Trekking. It needs no special equipment, no learnt skill, just a little stamina and a local guide in some of the more off the beaten track areas. The moment you step outside your door in Southeast Asia there are incredible sights waiting to be seen, just a short walk from the main tourist path. Escape the crowds by clambering up mountains, foraging through jungles, peering into volcanic craters and scampering around the waterfalls to get to the local beauty spots – peaceful and deserted!
Mount Kinabalu, Malaysia
For those of you looking to bag South East Asia’s highest peak, you may be thinking of heading to Malaysian Borneo to take on Mount Kinabalu? However, despite what people think, Kinabalu (4,094 metres) is actually only the fifth highest mountain in South East Asia, with Burma’s Hkakabo Razi (5,881 metres) clenching the top spot. However, much more accessible is Kinabalu, which can be summitted in two days from the town.
People of all ages take on the mountain each year and there are many tour companies based in Kota Kinabalu that will guide your way up the mountain. Ascending through the clouds looking out over magical landscapes, it is easy to see why mountains have long been thought of as the home of the Gods in many cultures and are the source of myths, legends and spiritual folklore.
Volcano Trekking in Indonesia
One of the most exciting and otherworldly trekking adventures has to be to tackle some of Indonesia’s spectacular volcanoes, their steaming, gurgling crates rising high into the wispy clouds. In a country that holds the title for having the most active volcanoes in the world (129), Indonesia boasts incredible landscapes to explore.
Volcanoes in Java
In East Java, popular climbs start from Yogyakarta and head to the summit of Mount Semeru or Mount Bromo. Holding the title of ‘most photographed active volcano in the world’, Mount Bromo is Indonesia’s most popular volcano and stands about 2,329 metres high. Its name comes from the Javanese pronunciation of Brahma, the Hindu creator God.
Locals believe that throwing offerings into the crater will bring them good luck, despite the danger of such proximity! In January 2011 a 2-kilometre exclusion zone was implemented surrounding Mount Bromo, due to its recent activity. Expect an ash fall if you stay close by!
Volcanoes of Sumatra
In Sumatra, Gunung Sinabung can be climbed from Berestagi, whilst Mount Singgalang and the recently erupted Mount Merapi, can be tackled from Bukittinggi. Treks tend to start in the early hours of the morning so that you reach the peak in perfect time for sunrise to be rewarded with magnificent and dramatic views.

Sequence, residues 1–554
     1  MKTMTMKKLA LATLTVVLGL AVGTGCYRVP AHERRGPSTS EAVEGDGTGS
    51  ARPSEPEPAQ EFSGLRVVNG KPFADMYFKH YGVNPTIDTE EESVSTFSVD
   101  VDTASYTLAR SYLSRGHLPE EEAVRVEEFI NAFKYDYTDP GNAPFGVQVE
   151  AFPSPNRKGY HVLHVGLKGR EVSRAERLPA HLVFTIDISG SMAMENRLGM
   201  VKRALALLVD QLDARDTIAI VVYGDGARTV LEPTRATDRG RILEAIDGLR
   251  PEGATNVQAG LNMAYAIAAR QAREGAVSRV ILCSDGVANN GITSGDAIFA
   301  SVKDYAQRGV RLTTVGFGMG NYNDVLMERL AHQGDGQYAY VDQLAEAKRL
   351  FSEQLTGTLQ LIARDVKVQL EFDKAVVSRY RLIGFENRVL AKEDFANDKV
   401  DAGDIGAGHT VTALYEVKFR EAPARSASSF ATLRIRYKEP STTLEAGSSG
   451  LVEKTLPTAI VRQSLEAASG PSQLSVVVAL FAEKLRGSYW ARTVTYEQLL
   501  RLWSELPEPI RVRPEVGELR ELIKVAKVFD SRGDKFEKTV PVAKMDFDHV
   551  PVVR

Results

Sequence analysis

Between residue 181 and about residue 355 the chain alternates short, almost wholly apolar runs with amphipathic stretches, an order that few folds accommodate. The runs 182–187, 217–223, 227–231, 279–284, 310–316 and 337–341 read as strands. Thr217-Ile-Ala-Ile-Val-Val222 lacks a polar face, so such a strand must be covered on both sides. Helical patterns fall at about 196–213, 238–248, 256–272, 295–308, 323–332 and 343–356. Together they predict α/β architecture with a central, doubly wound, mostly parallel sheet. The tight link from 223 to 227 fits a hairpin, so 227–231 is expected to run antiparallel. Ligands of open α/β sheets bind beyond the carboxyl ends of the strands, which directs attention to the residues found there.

Volcanoes of Bali
Gunung Batur and Gunung Agung on the holiday island of Bali are easier climbs and can be tackled in a day. Ascending through steamy sulphuric moonscapes that offer a glimpse into a pre-historic era, when the earth was being moulded by the fiery, lava-spewing giants makes for a surreal trekking experience.
Volcanoes of Lombok
From the island of Lombok, many travellers attempt the Mount Rinjani Trek to cast eyes on its incredibly blue crater lake from the top. Mt Rinjani (or Gunung Rinjani) is an active volcano that lies at 3,762 metres making it Indonesia’s fifth highest peak. It’s a challenging 2-day, 1-night trek to the summit, one that shouldn’t be taken lightly, but very rewarding! Check out some tips on booking the trek and what to bring here.
Jungle Trekking & home-stays in Chiang Mai & Pai, Northern Thailand
Another attraction with trekking in South East Asia is the fascinating glimpse into the lives of ethnic hill tribes living in the mountainous regions of Northern Thailand, Laos, Vietnam and many parts of Indonesia. Chiang Mai and Pai in Northern Thailand offer great bases for jungle treks and adventures into the hills and remote villages.
Among others, you will come across Hmong, Karen, Lisu and Lahu tribes, who have been living for hundreds of years since their emigration from countries such as Tibet, China and Mongolia. Many of the trekking tours offer the chance to stay overnight in the local villages so you can catch a glimpse of their traditional way of life.
Only an overnight bus ride away from Bangkok, jungle trekking tours here in Chiang Mai can be combined with white water rafting, traditional bamboo rafting and all kinds of other exciting activities. Pai is just another three hours on a motorbike or coach from Chiang Mai and has gained itself a reputation as a yoga hub as well as offering some fantastic trekking opportunities. Just minutes outside this Bohemian town you’ll find yourself in paradise… from hot springs to waterfalls; Pai is undeniably beautiful.
The Rice Terraces of Banaue, the Philippines
Slightly less well known as a backpacker destination, the Philippines’ sandy white beaches and exquisite underwater life are not all these 7,107 islands have to offer. The 300km drive north from Manila is stunning. Look out for the ‘Stairways to the Gods,’ a seemingly never-ending plateau of incredible rice terraces, which are over 2000 years old. The terraces were cut into the land by the Ifugao tribespeople and are well worth the trek.